• – The group turned out to be very diverse and completely intelligent, sociable and interesting. From the ethnographer who knew Lucy Duran from Bamako, to the retired, Bauhaus-ly dressed German couple who met “dancing Latin” in Nuremburg in the late ‘50s, to the hot young couple from California who turned out to have four kids and knew almost as much as Ned about Cuban music. The bonus track in the group was the legendary Harry Sepulveda, manager of the greatest Latin record store in the world and the only one you need a subway token to get to. Harry is the sage of Latin New York, known to all Newyoricans and he’d never been to Cuba! Watching and listening through the delighted Harry’s eyes and ears was worth the trip just in itself.


  • – The musicians, who were mostly in the Afro-Cuban religious tradition or other styles from the rich history of the island’s music. Rumbas, charangas, kongos, keyboard extravaganzas, decimas – we saw it all. And mass Cuban audiences, while they respect their roots, are not always that interested in paying to see these great artists. So there were only warm, unrestrained welcomes for us everywhere we went.


  • – We spent only a few days in Havana. It’s a great city, but when I was last there fifteen years ago, it was hard work dealing with the hustles and the bureaucracy and the potholes. So it was great to be out in the beautiful countryside. And Matanzas! Where rumba was born! What a nice city. I’d happily go back there anytime.


  • – The food! Ned warned us that this was not a culinary trip, but the food has improved out of all recognition, even in government-owned restaurants. The paladares (private restaurants) have been freed from their previous limits of a dozen places, only government-supplied frozen fish and no non-family employees. We ate like kings, the most memorable being a ‘slavery-era’ feast in an old sugar-mill town east of Matanzas complete with whole roast pig and a side-trip to my favourite Havana restaurant, La Esperanza. Hubert and Manolo, who were paladar pioneers many years ago, have expanded and their food is better than ever.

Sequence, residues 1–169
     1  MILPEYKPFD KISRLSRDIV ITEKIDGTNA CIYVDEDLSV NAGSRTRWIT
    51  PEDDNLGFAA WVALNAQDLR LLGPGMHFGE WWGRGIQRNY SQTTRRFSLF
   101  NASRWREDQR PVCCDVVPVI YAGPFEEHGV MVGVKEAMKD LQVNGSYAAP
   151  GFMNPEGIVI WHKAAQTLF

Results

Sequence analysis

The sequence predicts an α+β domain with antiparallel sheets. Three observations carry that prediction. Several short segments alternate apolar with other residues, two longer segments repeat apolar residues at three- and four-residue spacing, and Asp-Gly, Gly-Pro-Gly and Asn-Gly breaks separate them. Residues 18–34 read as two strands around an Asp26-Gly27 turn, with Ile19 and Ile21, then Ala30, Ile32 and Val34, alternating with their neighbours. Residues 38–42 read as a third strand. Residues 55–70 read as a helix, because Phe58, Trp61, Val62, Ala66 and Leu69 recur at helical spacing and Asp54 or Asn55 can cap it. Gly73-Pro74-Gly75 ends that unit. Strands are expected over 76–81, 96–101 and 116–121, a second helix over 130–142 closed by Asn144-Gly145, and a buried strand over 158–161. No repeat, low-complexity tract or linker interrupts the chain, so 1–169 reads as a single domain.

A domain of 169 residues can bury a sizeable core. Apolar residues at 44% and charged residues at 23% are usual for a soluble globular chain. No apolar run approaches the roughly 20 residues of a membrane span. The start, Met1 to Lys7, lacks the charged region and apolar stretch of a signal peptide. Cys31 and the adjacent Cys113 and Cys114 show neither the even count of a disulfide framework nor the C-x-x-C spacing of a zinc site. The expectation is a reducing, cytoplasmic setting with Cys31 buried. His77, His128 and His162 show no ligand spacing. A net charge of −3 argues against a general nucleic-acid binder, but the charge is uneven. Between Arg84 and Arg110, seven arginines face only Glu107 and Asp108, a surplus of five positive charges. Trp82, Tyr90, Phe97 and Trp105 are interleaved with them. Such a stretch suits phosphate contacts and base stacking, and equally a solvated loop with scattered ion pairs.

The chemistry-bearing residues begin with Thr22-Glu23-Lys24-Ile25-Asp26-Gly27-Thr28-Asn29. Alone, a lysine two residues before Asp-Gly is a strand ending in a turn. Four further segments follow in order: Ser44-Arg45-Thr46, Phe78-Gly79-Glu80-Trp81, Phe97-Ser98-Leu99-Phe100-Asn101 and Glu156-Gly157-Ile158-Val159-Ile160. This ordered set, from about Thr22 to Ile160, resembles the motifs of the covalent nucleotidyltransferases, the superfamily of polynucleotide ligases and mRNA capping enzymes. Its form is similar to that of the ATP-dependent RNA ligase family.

• – But most of all, the trip was memorable – cliché alert! – because of the people. It’s been said many times, but whatever the flaws or shortcomings of the revolution, it has created a society in which people are actually very nice to one another. The Revolution was wary of Afro-Cuban culture back at the beginning. Socialism is supposed to be colour-blind and it was counter-revolutionary to encourage too much interest in distinct cultures. But that has turned completely around and now there is solid support for Afro-Cuban religious traditions (and Cubans of all shades wearing the all-white colours of new Santeria initiates). As a result, Afro-Cubans seem more confident and connected than ever before. But hard to find anyone, black, white or tan, with the kind of strutting ego you often meet in big capitalist cities. People were agonizing about how the opening with America will change Cuba; my big concern was how can we get America to change by exposing it to more Cubans.


  • – We had a very nostalgic visit to Egrem studios, where I made 3 Cubanismo records and one by Alfredo Rodriguez. It was great being back and remembering those great sessions – the first was six months before Buena Vista happened.


Like most others, I did some filming on the trip and I plan to put it up on my site or YouTube or something. I’ll let you know when that happens.

To find out about more Ned Sublette-guided musical trips to Cuba, write to If you go, don’t miss (closed Sundays) and tell Hubert Joe sent you.

As ever –